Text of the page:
In a major setback to the Obama administration’s efforts to curb pollution, the Supreme Court has rejected new rules that put limits on mercury and acid gases from aging US power plants. The judges ruled that the Obama administration didn’t appropriately take into account the billions of dollars it would require to upgrade or close mostly older coal plants to curb pollution.
The Environmental Protection Agency’s rule, adopted in 2012, was already taking effect. The restrictions were based on the EPA’s interpretation of the Clean Air Act.
But power plant industry groups and coal-heavy states challenged the EPA’s rule and said they posed a heavy financial burden. The Supreme Court decision agreed with the challengers that the EPA needed to take into account the cost of restricting the pollution before issuing the rule.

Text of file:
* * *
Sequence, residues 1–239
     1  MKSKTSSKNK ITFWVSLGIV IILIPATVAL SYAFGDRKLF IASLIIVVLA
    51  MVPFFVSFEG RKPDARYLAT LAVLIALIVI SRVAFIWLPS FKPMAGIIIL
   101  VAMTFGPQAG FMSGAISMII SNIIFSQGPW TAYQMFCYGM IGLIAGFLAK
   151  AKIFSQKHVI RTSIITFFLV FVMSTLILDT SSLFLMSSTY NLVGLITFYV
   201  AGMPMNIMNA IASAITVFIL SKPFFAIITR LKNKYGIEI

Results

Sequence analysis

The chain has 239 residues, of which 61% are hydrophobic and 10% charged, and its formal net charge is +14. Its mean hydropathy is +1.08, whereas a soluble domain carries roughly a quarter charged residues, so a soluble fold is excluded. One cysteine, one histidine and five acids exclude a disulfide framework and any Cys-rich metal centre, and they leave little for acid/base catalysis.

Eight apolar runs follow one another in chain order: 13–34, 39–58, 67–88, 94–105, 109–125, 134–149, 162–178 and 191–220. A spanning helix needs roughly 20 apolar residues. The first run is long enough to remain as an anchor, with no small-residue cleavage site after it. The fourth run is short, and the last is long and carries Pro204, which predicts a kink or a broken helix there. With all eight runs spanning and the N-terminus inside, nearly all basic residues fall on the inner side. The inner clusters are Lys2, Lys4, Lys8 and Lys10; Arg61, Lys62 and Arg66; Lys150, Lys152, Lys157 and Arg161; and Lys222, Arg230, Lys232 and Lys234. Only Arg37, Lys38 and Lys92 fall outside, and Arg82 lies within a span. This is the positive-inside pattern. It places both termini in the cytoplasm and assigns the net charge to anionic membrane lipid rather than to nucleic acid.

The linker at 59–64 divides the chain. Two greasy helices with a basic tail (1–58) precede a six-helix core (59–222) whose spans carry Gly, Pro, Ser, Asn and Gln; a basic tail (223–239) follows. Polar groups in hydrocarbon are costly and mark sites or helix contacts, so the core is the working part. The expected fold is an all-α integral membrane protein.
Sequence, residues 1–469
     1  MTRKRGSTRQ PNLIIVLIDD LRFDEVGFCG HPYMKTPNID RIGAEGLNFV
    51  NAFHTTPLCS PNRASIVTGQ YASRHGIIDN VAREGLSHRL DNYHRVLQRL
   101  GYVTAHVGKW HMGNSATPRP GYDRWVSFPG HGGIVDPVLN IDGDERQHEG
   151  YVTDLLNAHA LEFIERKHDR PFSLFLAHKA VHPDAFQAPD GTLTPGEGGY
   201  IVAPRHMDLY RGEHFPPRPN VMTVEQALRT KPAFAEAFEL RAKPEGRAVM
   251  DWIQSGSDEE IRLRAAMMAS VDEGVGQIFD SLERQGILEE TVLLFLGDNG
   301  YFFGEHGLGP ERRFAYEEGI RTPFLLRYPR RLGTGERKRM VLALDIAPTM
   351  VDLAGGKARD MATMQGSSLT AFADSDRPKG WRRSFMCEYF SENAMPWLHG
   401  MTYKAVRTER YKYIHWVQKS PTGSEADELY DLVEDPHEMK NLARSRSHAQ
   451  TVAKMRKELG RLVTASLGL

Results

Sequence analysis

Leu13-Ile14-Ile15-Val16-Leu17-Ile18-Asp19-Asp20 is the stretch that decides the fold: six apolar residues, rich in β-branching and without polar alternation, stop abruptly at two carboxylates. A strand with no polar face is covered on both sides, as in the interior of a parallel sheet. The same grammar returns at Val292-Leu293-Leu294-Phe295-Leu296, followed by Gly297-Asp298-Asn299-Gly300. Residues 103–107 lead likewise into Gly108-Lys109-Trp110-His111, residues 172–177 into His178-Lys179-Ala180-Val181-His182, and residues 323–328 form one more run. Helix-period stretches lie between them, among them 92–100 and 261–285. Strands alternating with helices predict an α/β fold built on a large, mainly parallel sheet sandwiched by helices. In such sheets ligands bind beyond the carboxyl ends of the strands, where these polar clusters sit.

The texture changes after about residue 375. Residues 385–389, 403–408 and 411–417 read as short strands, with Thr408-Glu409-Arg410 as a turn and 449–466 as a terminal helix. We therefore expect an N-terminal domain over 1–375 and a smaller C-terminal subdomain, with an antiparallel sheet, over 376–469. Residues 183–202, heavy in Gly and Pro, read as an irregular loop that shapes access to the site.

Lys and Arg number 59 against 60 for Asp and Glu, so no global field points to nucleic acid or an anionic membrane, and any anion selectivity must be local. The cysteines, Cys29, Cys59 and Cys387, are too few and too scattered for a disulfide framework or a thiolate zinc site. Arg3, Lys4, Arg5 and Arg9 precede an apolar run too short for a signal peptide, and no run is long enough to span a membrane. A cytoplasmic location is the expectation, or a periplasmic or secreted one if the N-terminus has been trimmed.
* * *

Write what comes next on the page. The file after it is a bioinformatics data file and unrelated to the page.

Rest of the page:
The problem with doing the cost-benefit analysis of limiting pollution from coal plants is that the methods and opinions about the health benefits and the financial costs can be very different for the two sides. The industry groups said the costs were larger than the benefits, while the EPA found the benefits larger than the costs.
The EPA had decided it would take costs into account at a later stage. The court rejected that notion. But the court’s decision also keeps the possibility open that the ruling could be enforced with new cost-based analysis.
However, the decision could leave the EPA and the Obama administration more vulnerable to court challenges of its attempts to curb other emissions and pollution from power plants of all kinds. Coal power plants are the largest source of carbon emissions in the U.S.
Shares of coal companies rallied Monday.